Demolition job that changed skyline of Sheffield forever

They were once a landmark that dominated Sheffield's skyline, a welcome sign that you were almost home as you passed them on the M1, and then suddenly the Tinsley Towers were gone.

Thursday, 23rd August 2018, 5:55 pm
Updated Thursday, 23rd August 2018, 6:00 pm
The Tinsley Towers dominated the view in streets in nearby areas

Yesterday marked 10 years since the twin power station cooling towers next to the M1 viaduct near Meadowhall were demolished in a night-time spectacle event that attracted huge crowds of people.

Many, like me, gathered with keen anticipation on the open-air top of the Meadowhall car park to watch the explosion take place on August 24, 2008.

The towers being demolished 10 years ago

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The north tower was only partially demolished on the night, though, and the work had to be finished manually.

The towers were once an integral part of people’s lives, an ever-present sight for residents living in the Tinsley area, as one of the photographs here clearly shows.

They were also part of an extensive industrial landscape that has now drastically changed.

The community heritage team at Heeley City Farm are inviting people to come and share their memories about the Tinsley Towers on the 10-year anniversary of the demolition tomorrow and to think about what is next for the area in which they once stood.

The event will take place at Tinsley Community Centre on Ingfield Avenue, S9 1WZ, tomorrow, Friday, August 24, running from 6pm to 8pm.

The event is part of the Tinsley Time and Travel Project, which has been funded through the Heritage Lottery Fund, using part of the proceeds from the National Lottery.

The project is based around nine key heritage milestones in Tinsley’s past, all located within the project area.

The local community has been involved in every stage of the project.

Tinsley Junior School pupils helped to explore the remains of medieval Tinsley Manor that lay under their school buildings and adults have been involved in researching historic records of the area.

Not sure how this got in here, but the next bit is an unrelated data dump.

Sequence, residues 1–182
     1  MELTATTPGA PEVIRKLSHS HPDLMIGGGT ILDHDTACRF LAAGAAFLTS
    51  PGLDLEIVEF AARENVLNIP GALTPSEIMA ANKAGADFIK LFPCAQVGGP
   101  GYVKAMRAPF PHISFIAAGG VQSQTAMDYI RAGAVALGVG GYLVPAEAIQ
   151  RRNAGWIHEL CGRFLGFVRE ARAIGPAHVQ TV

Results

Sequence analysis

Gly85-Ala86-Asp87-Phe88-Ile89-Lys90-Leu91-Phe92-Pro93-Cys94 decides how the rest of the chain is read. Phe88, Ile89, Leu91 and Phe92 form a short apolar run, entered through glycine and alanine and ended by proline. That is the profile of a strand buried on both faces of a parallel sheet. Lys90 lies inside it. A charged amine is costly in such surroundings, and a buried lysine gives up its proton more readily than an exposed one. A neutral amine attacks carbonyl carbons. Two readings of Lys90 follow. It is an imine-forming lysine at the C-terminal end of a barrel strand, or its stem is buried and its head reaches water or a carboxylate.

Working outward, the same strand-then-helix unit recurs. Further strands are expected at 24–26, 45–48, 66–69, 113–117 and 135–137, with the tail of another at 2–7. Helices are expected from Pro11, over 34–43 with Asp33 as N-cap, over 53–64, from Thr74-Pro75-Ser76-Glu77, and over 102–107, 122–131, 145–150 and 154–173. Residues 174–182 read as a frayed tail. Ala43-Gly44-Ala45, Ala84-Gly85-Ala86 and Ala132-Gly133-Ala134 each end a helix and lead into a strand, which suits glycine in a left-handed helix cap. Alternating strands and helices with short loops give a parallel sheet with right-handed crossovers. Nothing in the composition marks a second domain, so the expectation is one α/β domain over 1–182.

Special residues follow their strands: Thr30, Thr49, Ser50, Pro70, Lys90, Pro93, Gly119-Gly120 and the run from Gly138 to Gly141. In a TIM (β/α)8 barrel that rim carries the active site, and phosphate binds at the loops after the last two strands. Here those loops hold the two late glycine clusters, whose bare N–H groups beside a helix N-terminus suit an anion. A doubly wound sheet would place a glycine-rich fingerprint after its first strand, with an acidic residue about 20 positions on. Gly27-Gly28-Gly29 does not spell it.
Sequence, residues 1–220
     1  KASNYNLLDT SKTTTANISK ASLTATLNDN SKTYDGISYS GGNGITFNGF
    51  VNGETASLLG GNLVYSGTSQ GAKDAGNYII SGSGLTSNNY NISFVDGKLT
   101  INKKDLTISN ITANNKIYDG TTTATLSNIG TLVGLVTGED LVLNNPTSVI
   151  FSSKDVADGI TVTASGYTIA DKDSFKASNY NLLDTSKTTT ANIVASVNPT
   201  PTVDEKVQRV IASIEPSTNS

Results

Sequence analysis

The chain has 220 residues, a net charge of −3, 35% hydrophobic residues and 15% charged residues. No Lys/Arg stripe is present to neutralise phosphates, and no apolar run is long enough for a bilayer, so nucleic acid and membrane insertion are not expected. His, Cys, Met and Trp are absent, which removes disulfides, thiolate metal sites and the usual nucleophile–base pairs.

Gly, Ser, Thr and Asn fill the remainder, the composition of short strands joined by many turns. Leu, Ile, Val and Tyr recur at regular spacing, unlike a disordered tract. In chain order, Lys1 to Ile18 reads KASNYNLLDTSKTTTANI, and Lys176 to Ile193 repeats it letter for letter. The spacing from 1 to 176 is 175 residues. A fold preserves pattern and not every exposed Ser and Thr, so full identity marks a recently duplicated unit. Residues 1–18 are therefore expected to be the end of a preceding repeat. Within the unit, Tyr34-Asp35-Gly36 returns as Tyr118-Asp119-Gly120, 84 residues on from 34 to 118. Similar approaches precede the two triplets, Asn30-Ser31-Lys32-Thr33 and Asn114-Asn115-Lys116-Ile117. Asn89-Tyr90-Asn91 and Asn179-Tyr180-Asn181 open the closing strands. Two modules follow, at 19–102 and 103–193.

Laura Alston, the Tinsley Time and Travel community heritage project officer, said: “Each milestone covers a different historical period in Tinsley, from the Bronze Age to the modern day, and they all link to travel: exploring how and why people have travelled to Tinsley for thousands of years.

“This memory-sharing event is all about milestone nine of the project: the coming of the M1 and the changes it brought to the area.”

The Towers were the final remains of the Blackburn Meadows Power Station.

There had been a power station based at the site since 1921.

When the old power station closed, the towers could not be easily demolished for safety reasons and so they were left standing, said Laura.

Over the 20th and first part of the 21st century the towers became an iconic landmark for Sheffield and the Tinsley area, dominating the skyline next to the M1 Viaduct and provoking lots of opinions.

They featured in 1984 nuclear disaster docu-drama Threads, which is being shown on Wednesday at the Showroom as part of a series celebrating South Yorkshire writer Barry Hines.

Not everyone loved them and many were glad to see them gone but many Sheffielders miss them and argued that they should remain.

Artists came up with their own ideas of how the towers could be transformed and a campaign ran to save them from destruction.

But the need to strengthen the motorway viaduct a decade ago meant that the towers’ owners, energy company EON, finally decided on demolition.

Laura said: “This event will reflect on that day, the thoughts, feelings and opinions people had about the structures and to think about what will come next.

“There is a new biomass power station on the site and artwork has been commissioned for the site.

“This memory share will give the residents a chance to talk and reflect on this iconic piece of Tinsley’s history. “

This event is free and open to all and there will be free refreshments available, said Laura.